By Kristofer Hammer
When it comes to comedy, it is pretty difficult, and therefore ingenious, for popular shows such as Parks and Recreation or South Park to be as funny as they are. The writing, as well as the subtle nuances an actor adds to his or her performance for the audience, is what makes the show work.
Similarly, recreating this in a video game is immensely difficult, especially when players have some level of control over what happens in the situation (such as the camera angle or level progression used to skip dialogue).
This, along with the looming danger of having to restart sequences due to failure, makes the repetition of jokes happen frequently enough that they get watered down much faster than a few re-runs on television.
The fact that Valve was able to make Portal 2, their first person shooter puzzle game, funny is impressive beyond belief, especially considering the high expectations of Portal fans.
Those of you who have not played Portal should not be discouraged from playing the sequel. While it is possible to play through the campaign having never touched the original game, like any sequel, you will get a lot more out of the experience if you familiarize yourself with the first game.
However, Portal is a fantastic game in its own right, and playing it before attempting Portal 2 should not be considered a chore by any means. The concept of portals as puzzles will be easier to comprehend once completing the original Portal.
Portal 2 is a first person shooter puzzle game, but what exactly does that mean? For the non-sci-fi nerds out there, a portal is merely a medium with an entrance and an exit. It can be thought of as a controlled teleportation of sorts.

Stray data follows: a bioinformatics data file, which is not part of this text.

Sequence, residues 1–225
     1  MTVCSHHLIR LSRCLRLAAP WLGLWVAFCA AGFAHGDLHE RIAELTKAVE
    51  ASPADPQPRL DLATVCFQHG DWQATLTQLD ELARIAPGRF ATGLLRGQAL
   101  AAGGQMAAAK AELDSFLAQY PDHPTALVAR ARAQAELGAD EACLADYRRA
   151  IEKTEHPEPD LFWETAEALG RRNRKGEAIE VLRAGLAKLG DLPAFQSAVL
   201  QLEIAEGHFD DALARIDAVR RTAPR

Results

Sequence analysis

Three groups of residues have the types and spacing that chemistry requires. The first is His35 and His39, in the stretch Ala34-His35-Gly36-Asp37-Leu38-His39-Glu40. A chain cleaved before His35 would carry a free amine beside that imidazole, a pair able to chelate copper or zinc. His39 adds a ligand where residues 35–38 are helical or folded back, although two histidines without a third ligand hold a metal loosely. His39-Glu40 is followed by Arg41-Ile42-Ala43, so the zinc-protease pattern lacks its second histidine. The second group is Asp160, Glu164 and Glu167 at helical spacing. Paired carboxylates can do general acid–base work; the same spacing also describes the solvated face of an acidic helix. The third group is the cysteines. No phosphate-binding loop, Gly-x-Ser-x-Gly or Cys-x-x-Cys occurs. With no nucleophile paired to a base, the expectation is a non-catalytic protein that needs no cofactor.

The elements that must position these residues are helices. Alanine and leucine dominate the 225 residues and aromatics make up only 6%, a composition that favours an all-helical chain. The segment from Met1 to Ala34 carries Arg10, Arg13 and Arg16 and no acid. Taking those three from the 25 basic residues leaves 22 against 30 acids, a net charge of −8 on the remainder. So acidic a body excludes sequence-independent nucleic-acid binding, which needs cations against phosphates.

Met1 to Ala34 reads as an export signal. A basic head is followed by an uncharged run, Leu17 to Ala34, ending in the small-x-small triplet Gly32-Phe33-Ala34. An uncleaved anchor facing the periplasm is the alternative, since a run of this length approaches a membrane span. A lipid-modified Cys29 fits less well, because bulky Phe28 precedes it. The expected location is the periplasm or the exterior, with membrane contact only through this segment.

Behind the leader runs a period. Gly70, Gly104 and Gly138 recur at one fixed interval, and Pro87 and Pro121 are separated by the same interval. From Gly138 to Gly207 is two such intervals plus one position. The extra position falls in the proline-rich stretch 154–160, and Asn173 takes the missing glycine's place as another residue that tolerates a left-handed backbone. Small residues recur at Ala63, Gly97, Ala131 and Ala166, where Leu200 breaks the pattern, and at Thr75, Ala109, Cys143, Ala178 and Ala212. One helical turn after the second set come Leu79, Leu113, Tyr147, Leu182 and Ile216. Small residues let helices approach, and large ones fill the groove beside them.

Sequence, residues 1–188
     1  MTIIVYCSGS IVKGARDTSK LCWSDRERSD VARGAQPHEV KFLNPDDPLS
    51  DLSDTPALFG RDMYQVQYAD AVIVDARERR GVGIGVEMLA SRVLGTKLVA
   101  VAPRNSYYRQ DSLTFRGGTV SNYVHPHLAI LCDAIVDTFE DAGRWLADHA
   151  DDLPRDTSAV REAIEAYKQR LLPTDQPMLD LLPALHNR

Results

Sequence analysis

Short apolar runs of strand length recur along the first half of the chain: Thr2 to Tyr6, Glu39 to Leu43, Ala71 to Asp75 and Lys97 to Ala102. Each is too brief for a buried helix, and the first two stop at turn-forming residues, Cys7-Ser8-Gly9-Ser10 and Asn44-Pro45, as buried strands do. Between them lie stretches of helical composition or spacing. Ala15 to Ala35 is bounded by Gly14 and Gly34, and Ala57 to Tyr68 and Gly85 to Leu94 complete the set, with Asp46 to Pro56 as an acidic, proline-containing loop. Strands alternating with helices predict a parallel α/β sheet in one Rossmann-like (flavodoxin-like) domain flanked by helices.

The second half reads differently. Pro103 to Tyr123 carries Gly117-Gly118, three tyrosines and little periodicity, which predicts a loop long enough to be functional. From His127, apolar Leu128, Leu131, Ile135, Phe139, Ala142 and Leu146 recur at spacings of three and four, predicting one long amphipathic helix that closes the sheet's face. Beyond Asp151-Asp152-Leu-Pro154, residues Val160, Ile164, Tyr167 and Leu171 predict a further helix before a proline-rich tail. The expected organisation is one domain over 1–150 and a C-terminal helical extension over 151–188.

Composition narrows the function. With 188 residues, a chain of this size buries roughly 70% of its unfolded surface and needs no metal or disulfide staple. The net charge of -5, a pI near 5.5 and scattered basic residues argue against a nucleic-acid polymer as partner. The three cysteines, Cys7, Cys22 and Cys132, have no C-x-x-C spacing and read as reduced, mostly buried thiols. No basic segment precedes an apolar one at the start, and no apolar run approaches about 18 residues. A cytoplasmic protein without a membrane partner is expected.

The beauty of Portal 2 is that it can take this simple concept and twist it in such a way that makes for real stimulating and challenging puzzles.
Unlike the original, there are many new editions to the puzzles, such as laser redirection cubes, light bridges, and physical manipulating gel, all of which can and will be used in multiple puzzles later in the campaign.
Don’t be afraid if you aren’t particularly good at puzzles—one of the most beautiful aspects of this game and the gameplay is that Valve implemented each addition and their conceptual use in such a manner that you become naturally trained to see how these puzzles are complete (after a few attempts, of course). This makes the reward for solving a puzzle huge, because you get a sense of fulfillment from your own abilities to perform under difficult and challenging circumstances.
The original Portal is arguably a one trick pony whose potential was not fully realized; however, in the sequel, with all its additions combined with three wonderfully voice-casted characters who aid you throughout the campaign, I found myself going back to play the campaign just to hear the jokes and revisit the different test chambers.
The music is more or less non-existent during lab sequences, probably to allow for concentration, but the constant chatter of either GlaDos (the “antagonist”) or Wheatley (your “ally”) provide for silly commentary that makes the individual puzzles less of a chore and more of an experience.
Portal 2 also attempts to answer questions about the history of Aperture, the company in which puzzles are completed, which fleshes out more of the environment and gives the player a better sense of where they are and why the place exists.
A co-op option exists, providing a side story for players to explore.
While Portal 2 is more mechanics driven, the puzzles are too good to pass up, really showing the creativity behind the development team with their performance in two portal bearing puzzles.
Portal 2 earns its retail price tag in every way and should be played by anyone who is a fan of humor, first person games, and puzzles.
The creativity implemented in taking a simple concept and turning it into hours of end —less fun is well worth the price.